MANILA, Philippines – On the set of “Alay kay Da King,” a new TV special on the life and times of Action King Fernando Poe Jr., segment host and “Star for All Seasons” Vilma Santos reminisces about her favorite leading man. But, in the middle of a heartfelt spiel, she’s interrupted by a passing ambulance, an airplane … and a tricycle. Since the production is using live sound, such incidental noises can grate on some people’s nerves. Not Ate Vi’s. The Batangas governor jests: “Maybe Ron (FPJ’s nickname) is toying with us.”
That’s a seldom-seen side of Da King, she later tells Inquirer Entertainment in an exclusive interview. “He’s a jester.” Paired in three movies (1974’s “Batya’t Palo-Palo,” 1976’s “Bato sa Buhangin” and 1996’s “Ikaw ang Mahal Ko”), they shared an uncommon friendship that withstood the test of time … and, she recalls candidly, political intrigues.
Although she’s recovering from an illness, she turned up at the studio in Parañaque, a day after the Manila Peninsula debacle, to tape the TV special, to be aired Dec. 9 on ABS-CBN. The TV special was put together by the Kapamilya network, Asian Eye Productions and the Poe family to premiere a 38-minute music video that was edited by Da King shortly before his passing three years ago. The music video is composed of choice scenes from his 200 or so movies—including those with favorite leading ladies, from Charito Solis to Sharon Cuneta, and favorite co-actors, from Van de Leon to Lito Anzures. Da King’s pet cause, Mowelfund, is the project’s main beneficiary. Highlight of the music video is a scene from “Batya’t Palo-Palo”—which Ate Vi considers “unforgettable.”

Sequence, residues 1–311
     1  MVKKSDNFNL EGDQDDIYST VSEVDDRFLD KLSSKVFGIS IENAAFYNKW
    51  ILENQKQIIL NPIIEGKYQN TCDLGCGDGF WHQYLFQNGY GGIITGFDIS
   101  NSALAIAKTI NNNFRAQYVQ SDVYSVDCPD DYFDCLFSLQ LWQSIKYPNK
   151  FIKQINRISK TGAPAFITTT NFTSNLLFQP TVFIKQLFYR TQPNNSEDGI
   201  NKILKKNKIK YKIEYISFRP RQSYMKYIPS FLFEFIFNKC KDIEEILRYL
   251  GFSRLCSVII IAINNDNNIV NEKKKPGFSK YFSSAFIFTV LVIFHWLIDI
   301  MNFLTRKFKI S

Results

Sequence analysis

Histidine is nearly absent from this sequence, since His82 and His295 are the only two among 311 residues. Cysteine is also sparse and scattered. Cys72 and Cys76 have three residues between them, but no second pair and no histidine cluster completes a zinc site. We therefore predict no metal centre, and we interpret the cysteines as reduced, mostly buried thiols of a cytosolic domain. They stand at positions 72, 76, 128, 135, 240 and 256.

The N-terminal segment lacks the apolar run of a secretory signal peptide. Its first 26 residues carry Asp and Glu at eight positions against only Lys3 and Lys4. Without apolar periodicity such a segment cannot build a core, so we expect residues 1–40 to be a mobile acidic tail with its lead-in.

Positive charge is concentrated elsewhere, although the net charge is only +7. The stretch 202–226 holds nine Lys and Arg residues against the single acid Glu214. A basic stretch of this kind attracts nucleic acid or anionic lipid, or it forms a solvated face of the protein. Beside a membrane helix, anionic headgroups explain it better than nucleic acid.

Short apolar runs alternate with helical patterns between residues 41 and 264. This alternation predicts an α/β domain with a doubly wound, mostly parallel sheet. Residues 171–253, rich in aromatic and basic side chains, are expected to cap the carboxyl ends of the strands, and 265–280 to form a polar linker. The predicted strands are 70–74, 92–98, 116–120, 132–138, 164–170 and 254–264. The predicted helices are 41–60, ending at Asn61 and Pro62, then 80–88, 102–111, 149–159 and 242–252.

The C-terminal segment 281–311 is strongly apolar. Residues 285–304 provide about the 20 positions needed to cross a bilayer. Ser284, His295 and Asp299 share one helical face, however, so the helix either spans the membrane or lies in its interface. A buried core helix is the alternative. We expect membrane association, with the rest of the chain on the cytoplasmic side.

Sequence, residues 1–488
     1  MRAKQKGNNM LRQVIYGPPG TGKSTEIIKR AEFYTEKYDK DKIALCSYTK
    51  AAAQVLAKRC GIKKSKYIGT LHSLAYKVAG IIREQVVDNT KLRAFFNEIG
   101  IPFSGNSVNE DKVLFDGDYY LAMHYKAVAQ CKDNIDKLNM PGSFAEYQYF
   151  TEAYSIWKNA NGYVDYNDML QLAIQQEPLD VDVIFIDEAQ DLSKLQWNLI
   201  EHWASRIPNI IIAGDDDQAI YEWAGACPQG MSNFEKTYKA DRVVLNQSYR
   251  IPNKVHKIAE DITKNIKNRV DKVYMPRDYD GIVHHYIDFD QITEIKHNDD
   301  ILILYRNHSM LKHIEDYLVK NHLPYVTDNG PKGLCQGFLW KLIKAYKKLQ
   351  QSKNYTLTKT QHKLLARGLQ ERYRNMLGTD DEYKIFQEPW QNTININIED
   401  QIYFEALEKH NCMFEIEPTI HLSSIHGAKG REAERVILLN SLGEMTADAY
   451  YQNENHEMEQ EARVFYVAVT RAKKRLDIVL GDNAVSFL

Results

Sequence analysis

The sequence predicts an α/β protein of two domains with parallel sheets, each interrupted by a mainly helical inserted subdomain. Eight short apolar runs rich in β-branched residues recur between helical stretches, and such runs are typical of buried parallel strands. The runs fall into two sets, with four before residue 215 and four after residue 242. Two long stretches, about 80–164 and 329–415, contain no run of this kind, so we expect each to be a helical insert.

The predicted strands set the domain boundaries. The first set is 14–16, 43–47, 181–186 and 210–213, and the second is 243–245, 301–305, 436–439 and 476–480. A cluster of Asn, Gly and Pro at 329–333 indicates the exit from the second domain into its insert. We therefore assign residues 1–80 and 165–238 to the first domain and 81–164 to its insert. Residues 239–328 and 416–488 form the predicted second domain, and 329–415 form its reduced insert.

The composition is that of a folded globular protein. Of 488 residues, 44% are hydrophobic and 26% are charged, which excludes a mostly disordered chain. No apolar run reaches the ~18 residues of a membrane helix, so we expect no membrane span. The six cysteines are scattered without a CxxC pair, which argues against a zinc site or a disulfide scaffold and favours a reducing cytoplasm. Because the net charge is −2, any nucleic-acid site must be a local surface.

What’s it like shooting this TV special? I miss Ron. I really miss Ron. When I saw his pictures on the set, I told everyone: It’s as if he never left us. He’s still here; we just don’t see him.
How did it feel when you saw the wedding scene from your first movie together? Memories! I started reminiscing instantly. I want to ask Ate Susan (Roces, FPJ’s wife) nga for DVD copies of our three movies. I was only 21 when we made “Batya.” Ninety percent of the movie was shot in Hacienda Luisita (Tarlac) where we stayed for two months. He taught me how to swim in the hacienda’s swimming pool. We were with (co-star) Lorna Tolentino then. I admit that I didn’t know how to swim when I did “Dyesebel.” But the most memorable scene [from “Batya”] was the ending, where I ran after him, while he was aboard a train.
What did you call him again? Ron.
What did he call you? Vi! But I call Ate Susan, Ate Susan.
What was the real Ronnie Poe like? Oh my God! It’s true what [the special’s] script says: He was the quiet type. Very sensitive and the most generous man I ever met in the entire industry. Please allow me to generalize. Among all my leading men, no one’s like him. It’s true that if you were his leading lady, he’d treat you like a queen. He’d give you everything you needed and wanted, just to make you feel comfortable. However, he extended the same respect and care to the staff. One time, I craved balut. He bought balut not only for me, but for the entire crew. The mambabalut ran out of balut so Ron asked him to call his vendor friends. Ron treated everyone on the set equally. That’s why he’s the most respected actor in the industry, along with Dolphy. It’s a well-earned respect. You cannot buy that respect. You have to work for it. He was not an overnight success. He started as a stuntman, as an extra. He started from scratch.